The company boasts 27 flavors, including two sugar-free varieties. They’re all available online, and the retail shop in Chelsea carries about ten them at a time. Some are seasonal; for example, expect cranberry in the fall and lavender in the summer.

    Wile many Seed + Mill flavors are vegan, about half of the flavors do include a bit of butter, which makes the halvah even lighter and melt-in-your-mouth. These are noted on the website.

    The non-butter flavors meet dietary preferences including dairy-free, gluten-free, paleo and vegan.

    If this seems like a lot of flavors, note that Suleiman the Magnificent (1520-1566), the Ottoman Empire’s longest-reigning sultan, had a special kitchen built next to his palace that was dubbed the helvahane, house of halva. It produced some 30 varieties of the confection.

    At Seed + Mill, you’ll find traditional and modern flavors:

  • Cardamom Halva
  • Chia Halva
  • Chili Chocolate Halva
  • Chocolate & Orange Halva
  • Chocolate Pistachio Halva
  • Cinnamon Halva
  • Coconut Dark Chocolate Halva
  • Crunchy Peanut Butter Halva
  • Dates Halva
  • Dulce de Leche Halva
  • Ginger Halva
  • Goji Berry Halva
  • Lemongrass Halva
  • Marble Halva
  • Mixed Chocolate Halva (dark, milk and white chocolate)
  • Nutella & Hazelnuts Halva
  • Pistachio Halva
  • Rose Oil Halva
  • Sea Salt Dark Chocolate Halva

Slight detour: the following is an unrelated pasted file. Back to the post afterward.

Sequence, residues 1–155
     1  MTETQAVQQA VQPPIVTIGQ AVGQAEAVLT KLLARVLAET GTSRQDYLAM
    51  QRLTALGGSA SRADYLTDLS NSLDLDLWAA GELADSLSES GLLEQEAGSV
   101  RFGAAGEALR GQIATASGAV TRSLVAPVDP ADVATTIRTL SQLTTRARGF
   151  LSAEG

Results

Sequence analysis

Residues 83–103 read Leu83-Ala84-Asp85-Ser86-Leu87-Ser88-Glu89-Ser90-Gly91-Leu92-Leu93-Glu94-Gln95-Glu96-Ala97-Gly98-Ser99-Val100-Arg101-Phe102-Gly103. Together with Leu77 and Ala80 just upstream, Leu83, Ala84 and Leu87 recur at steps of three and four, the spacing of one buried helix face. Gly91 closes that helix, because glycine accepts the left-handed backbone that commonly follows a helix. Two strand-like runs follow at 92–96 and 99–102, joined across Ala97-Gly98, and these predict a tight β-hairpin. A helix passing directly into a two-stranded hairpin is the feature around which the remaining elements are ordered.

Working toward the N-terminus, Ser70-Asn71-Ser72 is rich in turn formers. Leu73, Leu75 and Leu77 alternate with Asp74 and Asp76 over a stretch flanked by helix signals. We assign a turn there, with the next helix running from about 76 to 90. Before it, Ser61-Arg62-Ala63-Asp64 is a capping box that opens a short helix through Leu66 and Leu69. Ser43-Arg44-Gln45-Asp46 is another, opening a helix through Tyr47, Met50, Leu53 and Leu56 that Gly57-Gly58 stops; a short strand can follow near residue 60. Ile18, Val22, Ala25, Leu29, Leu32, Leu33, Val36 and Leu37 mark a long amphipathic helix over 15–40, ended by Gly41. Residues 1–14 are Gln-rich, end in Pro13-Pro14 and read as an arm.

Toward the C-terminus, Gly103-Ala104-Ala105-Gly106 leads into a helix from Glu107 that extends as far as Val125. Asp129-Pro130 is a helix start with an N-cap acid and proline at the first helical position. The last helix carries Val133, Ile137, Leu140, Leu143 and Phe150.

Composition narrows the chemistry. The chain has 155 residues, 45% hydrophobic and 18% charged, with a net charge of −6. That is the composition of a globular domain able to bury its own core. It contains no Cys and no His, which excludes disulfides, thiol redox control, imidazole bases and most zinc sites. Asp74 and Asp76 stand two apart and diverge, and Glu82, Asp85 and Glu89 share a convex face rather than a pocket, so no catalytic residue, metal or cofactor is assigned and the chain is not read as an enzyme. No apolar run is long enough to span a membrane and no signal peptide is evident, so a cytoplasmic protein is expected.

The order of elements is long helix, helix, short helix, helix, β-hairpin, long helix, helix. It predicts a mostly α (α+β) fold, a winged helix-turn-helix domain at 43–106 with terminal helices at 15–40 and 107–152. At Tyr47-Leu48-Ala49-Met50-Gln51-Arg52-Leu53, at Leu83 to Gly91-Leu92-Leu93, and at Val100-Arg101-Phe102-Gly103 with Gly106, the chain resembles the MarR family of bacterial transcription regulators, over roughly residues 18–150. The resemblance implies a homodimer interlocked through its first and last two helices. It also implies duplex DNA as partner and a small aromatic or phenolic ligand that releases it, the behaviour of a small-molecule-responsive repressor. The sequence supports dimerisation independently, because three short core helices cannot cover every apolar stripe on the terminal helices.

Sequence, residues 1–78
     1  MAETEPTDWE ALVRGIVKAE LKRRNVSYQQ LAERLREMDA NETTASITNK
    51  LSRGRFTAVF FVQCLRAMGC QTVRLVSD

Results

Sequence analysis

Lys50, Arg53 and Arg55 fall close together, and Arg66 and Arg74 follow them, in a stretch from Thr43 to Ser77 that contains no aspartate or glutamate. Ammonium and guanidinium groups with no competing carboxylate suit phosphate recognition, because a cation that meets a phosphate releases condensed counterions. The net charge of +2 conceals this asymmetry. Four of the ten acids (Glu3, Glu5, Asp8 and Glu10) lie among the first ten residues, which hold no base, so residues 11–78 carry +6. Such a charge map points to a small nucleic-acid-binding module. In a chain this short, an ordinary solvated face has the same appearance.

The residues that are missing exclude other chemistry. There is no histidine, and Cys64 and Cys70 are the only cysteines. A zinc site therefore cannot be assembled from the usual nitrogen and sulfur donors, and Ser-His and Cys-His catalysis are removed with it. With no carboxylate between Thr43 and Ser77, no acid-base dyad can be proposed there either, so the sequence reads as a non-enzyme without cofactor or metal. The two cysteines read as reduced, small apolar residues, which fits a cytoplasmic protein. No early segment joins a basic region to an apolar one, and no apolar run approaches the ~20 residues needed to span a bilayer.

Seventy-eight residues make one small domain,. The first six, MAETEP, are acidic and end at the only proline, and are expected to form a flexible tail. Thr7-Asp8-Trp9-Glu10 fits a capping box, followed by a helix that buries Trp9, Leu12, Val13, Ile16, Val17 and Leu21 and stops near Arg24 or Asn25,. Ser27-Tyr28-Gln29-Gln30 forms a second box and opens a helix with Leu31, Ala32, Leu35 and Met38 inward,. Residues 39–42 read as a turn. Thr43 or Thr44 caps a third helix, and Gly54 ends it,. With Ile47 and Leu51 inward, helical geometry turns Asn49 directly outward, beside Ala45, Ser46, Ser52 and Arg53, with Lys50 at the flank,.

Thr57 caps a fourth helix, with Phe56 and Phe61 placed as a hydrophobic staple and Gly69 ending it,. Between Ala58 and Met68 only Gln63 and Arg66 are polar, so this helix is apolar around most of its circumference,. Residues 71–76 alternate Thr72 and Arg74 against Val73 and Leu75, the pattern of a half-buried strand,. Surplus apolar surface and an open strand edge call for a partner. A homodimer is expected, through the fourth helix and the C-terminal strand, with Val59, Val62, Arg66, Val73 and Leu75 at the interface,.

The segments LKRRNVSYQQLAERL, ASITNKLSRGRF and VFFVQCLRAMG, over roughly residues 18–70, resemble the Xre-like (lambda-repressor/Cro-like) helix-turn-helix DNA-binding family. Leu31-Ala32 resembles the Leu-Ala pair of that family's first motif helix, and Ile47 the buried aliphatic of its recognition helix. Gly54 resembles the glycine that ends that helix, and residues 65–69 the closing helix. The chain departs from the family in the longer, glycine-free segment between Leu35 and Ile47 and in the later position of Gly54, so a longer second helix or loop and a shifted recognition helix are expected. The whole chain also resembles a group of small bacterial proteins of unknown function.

• Sweet Pecans Halva
  • Vanilla Halva
  • Whiskey Halva
  • White Chocolate & Lemon Halva
  • White Chocolate Raspberry Halva
  • Yummy Flaky Halva (for garnish)
  •  
    Sugar-Free Flavors

  • Sugar Free Coffee Halva
  • Sugar Free Pistachio Halva
  •  
    Seed + Mill is certified by United Kosher Supervision. You can purchase a piece as small as a quarter-pound, or order an entire halva cake.

    While you’re at it, treat yourself to a jar of the company’s rich, silky tahini in herb, organic and organic whole seed; and two sesame spices, mixes of sesame with salt or za’atar.

     

    RECIPE: HALVA ICED COFFEE

    Seed + Mill adapted this recipe from Ben of Havoc In The Kitchen. He found it in a Russian food magazine, where it was originally made with peanut halva.

    The shake-like drink does nicely as a snack, a dessert or, with the whiskey, an after-dinner drink.

    Ingredients For 2-3 Servings

  • 2 cups strong brewed coffee, chilled
  • 1/3 cup peanut or sesame halva
  • 1/2 cup vanilla ice cream
  • 2-3 ice cubes
  • Optional: 2-3 tablespoons whiskey (or to taste)
  •  
    Preparation